Early 20th century growth[edit]

Knoxville College in the early 20th century

In 1901, Knoxville College finally received a charter from the State of Tennessee.[4] Six years later, the school established the Eliza B. Wallace Hospital, which served a dual purpose of training nurses and tending to the health needs of the local black community. This proved invaluable during the city's Influenza outbreak of 1918.[4] In 1913, John Henry Michael, the head of the school's mechanical department, designed the "Negro Building" for the National Conservation Exposition, which was held across town at Chilhowee Park.[9] The building, which is no longer standing, was constructed with the help of Knoxville College students.

The Negro Building at the National Conservation Exposition, designed and built by Knoxville College faculty and students

During World War I, Knoxville College students helped raise money for liberty bonds and the Red Cross.[4] In the aftermath of the Riot of 1919, one of the city's worst racial episodes, the school's administration (comprising black and white members) staunchly defended the city's African American community, and praised its students' restraint.[4] In 1925, Knoxville College students staged a month-long boycott of classes to protest the school's strict behavioral code, culminating in an all-night negotiating session between student leaders and the school's dean, Herbert Telford. Telford agreed to relax some rules, and allowed the creation of a student council.[4]

In 1957, Knoxville College became one of the first group of predominantly black institutions admitted to full membership in the Southern Association of Colleges and Schools (SACS).[8] Throughout the summer of 1960, Knoxville College students engaged in a series of sit-ins to protest segregation at lunch counters in downtown Knoxville, eventually convincing most downtown businesses to end the practice.[10] The school's charter was amended in 1962 to allow the admission of white students.[4]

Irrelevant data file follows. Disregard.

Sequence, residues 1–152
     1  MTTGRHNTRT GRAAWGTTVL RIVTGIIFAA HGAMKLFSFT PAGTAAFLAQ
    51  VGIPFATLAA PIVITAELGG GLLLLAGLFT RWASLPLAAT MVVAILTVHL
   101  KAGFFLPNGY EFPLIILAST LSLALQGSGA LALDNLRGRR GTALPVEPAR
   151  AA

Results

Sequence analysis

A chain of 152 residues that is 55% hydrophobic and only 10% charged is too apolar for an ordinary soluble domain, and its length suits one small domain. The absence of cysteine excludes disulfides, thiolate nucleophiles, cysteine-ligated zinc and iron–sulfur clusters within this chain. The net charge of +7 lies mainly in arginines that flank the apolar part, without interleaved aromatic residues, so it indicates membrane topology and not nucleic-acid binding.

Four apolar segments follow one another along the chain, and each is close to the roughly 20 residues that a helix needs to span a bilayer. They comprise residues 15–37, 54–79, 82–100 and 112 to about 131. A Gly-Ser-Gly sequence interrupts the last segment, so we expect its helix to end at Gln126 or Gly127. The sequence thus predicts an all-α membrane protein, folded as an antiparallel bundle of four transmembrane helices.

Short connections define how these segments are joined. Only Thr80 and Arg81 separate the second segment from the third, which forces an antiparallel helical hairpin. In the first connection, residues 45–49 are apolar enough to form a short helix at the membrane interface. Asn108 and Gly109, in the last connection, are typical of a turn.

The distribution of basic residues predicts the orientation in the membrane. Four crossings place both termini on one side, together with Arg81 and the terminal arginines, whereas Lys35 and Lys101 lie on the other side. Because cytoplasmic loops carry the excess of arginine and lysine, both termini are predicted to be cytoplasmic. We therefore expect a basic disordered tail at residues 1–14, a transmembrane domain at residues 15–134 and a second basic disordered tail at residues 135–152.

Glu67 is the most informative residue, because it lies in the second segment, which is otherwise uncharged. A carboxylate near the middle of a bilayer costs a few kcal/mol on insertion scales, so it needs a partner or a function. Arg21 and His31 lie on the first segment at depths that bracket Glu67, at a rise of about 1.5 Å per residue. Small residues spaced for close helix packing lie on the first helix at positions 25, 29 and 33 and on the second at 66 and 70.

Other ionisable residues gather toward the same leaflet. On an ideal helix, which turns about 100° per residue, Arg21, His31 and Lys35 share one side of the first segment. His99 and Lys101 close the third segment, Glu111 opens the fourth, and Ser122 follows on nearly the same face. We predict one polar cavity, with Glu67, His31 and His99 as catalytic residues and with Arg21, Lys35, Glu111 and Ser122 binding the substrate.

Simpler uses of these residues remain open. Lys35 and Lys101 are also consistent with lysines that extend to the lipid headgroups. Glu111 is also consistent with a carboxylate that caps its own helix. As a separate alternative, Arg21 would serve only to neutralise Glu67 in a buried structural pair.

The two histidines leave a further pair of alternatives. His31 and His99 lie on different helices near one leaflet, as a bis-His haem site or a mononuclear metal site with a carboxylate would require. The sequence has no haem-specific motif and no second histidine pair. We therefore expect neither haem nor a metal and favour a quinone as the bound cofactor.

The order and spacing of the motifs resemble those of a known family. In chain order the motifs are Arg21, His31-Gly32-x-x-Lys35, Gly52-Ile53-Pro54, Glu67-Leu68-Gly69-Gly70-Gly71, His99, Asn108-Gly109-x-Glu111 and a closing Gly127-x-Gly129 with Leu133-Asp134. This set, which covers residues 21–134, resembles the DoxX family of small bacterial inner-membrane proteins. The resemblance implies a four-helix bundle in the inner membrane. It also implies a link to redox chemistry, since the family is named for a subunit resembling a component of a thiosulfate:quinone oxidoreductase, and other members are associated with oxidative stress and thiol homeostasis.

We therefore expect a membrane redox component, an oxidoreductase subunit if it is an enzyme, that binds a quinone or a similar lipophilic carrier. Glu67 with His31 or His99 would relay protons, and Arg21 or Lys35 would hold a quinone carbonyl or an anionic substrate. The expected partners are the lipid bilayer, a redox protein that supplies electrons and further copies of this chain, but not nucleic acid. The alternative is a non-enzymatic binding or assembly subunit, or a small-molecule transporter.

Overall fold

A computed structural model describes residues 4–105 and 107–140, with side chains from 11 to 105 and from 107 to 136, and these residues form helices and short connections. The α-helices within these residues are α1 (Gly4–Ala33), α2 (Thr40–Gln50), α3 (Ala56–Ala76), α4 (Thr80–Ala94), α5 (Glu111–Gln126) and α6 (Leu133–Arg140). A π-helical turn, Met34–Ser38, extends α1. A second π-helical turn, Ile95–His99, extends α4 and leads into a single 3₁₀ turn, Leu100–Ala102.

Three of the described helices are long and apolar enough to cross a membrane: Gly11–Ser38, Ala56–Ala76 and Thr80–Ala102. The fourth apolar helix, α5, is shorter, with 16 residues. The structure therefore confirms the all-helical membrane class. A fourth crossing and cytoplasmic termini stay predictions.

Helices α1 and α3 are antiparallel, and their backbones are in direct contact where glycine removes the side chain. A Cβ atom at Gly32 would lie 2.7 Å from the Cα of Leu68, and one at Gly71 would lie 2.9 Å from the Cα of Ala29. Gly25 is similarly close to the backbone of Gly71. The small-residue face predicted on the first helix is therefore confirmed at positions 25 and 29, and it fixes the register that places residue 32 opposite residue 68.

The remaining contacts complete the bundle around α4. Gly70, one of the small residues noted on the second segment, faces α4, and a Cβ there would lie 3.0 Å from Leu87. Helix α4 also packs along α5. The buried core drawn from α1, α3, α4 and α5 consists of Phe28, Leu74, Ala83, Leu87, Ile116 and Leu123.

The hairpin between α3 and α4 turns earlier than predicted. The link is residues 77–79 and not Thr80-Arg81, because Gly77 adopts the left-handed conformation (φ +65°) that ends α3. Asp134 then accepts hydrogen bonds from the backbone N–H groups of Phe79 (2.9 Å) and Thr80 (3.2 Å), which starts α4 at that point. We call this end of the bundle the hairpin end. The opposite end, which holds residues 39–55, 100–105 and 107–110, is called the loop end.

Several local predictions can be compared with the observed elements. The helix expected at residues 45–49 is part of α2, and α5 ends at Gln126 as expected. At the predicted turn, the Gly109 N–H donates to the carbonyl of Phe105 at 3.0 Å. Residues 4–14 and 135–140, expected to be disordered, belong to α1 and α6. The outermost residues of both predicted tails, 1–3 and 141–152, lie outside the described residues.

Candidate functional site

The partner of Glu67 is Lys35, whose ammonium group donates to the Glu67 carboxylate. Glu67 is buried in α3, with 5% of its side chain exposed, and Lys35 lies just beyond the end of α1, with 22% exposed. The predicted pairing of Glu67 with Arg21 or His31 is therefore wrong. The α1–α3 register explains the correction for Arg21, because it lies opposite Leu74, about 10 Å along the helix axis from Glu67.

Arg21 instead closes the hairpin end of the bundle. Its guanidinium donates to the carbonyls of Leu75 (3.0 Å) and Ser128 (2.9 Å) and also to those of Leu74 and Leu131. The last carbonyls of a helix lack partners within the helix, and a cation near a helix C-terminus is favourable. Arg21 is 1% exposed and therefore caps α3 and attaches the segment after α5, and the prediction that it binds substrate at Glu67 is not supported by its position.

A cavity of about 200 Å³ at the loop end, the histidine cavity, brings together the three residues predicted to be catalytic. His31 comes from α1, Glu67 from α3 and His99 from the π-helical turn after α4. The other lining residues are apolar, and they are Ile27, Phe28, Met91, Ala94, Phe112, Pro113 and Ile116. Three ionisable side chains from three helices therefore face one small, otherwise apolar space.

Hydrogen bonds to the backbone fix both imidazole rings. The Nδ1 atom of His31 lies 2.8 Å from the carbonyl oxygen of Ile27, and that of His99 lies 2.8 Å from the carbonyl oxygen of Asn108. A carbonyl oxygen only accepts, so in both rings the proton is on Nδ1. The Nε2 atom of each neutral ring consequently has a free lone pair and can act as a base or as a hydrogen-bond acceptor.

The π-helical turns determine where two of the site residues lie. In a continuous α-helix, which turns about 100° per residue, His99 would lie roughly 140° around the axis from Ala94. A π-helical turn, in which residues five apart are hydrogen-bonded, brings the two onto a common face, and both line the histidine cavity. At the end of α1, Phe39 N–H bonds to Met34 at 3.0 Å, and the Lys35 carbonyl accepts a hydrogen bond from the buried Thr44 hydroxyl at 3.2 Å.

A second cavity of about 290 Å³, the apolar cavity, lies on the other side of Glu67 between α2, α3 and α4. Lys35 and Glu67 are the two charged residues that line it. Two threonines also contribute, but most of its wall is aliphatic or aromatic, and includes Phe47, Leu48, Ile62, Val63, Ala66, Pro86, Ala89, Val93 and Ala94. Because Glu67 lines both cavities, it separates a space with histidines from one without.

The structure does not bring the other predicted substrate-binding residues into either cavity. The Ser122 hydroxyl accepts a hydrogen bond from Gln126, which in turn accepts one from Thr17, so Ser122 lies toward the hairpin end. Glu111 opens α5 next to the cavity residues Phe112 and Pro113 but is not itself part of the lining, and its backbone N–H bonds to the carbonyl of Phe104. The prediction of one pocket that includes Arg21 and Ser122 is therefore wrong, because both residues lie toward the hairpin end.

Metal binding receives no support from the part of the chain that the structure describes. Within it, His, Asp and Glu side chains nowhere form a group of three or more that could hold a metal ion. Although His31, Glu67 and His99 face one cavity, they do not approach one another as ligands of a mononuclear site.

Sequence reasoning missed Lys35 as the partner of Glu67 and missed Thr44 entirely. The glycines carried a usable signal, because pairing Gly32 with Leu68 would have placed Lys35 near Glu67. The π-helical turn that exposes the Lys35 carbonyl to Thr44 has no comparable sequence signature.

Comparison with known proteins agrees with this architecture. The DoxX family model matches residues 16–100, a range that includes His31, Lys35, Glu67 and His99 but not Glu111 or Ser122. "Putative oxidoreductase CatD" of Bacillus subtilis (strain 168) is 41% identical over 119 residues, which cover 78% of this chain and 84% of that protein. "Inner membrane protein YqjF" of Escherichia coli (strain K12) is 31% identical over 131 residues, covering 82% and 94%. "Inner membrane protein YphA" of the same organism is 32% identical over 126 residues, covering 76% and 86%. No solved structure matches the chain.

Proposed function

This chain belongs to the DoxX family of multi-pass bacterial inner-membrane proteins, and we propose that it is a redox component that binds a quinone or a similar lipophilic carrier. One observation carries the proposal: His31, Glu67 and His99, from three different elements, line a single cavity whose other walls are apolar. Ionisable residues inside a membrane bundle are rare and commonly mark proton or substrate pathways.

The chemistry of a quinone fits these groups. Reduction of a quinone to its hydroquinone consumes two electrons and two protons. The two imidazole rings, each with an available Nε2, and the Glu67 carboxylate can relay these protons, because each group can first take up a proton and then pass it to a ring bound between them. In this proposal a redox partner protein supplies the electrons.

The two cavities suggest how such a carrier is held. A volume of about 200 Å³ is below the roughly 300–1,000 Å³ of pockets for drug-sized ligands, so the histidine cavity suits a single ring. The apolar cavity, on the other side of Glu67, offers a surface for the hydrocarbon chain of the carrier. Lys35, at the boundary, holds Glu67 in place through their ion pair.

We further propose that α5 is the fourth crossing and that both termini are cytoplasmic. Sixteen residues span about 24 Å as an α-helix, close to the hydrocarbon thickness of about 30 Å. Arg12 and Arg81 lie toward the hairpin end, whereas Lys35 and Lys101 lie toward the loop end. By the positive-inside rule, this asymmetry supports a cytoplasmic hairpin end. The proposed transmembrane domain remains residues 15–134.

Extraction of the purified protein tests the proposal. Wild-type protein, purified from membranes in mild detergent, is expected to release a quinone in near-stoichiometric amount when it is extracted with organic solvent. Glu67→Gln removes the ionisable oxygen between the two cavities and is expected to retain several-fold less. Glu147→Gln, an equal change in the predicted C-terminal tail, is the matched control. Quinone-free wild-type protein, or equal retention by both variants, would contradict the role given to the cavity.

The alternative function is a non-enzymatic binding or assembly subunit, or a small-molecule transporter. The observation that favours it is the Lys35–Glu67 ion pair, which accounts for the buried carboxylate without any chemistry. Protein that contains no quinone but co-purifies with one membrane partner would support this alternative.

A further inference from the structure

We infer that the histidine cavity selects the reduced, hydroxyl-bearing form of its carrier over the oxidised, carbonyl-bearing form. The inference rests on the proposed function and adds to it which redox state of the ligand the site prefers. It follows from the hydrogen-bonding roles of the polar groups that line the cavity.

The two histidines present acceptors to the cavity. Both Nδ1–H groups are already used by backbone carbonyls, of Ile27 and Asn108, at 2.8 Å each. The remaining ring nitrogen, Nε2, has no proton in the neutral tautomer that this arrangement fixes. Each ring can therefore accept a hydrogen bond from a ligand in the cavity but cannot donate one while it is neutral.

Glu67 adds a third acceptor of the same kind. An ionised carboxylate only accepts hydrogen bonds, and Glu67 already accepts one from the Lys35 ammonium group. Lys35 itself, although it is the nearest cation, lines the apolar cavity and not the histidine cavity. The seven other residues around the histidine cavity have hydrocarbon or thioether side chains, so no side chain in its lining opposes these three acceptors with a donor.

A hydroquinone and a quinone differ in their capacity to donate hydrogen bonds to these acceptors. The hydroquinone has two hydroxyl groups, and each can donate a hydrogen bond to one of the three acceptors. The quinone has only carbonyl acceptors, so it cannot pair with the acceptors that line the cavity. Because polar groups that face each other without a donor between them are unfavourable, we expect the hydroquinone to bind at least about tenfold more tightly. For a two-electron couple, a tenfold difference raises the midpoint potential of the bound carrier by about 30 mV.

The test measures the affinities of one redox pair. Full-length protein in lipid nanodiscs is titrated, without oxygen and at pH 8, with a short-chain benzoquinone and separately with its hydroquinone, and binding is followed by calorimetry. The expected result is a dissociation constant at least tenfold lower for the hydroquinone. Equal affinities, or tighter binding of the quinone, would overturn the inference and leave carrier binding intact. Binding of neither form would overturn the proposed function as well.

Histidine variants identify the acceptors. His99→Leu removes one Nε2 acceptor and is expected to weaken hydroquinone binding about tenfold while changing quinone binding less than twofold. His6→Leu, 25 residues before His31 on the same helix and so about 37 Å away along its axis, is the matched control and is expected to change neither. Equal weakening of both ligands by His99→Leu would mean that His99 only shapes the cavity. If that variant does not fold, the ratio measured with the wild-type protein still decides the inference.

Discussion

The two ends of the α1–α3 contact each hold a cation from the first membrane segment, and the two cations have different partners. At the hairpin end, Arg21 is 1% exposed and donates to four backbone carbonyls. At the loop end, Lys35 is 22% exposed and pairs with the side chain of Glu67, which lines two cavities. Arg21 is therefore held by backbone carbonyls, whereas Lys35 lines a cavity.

Accreditation loss and reorganization[edit]

Beginning in the 1970s, Knoxville College began to struggle financially, leading to a gradual decline. In 1997, the Southern Association of Colleges and Schools withdrew Knoxville College's accreditation, and the school's financial situation became dire.[1] As enrollment plummeted, the school's debt skyrocketed, and it was unable to pay its faculty or electric bills. In August 2005, the school's Board of Trustees fired the school's president, Barbara Hatton.[1]

Following Hatton's removal, the school's alumni association embarked on an aggressive fundraising campaign, aided by Oak Ridge National Laboratory scientist Johnnie Cannon, and the school has gradually rebounded.[1] In January 2010, the school hired Dr. Horace A. Judson as interim president. Judson implemented a new strategic plan with the following goals: (1) regain accreditation, (2) achieve fiscal stability, (3) develop academic program distinctiveness, (4) develop a department of enrollment management, (5) develop a quality student-centered living and learning environment, and (6) establish new relationships and strengthen former ones among key constituents.[11]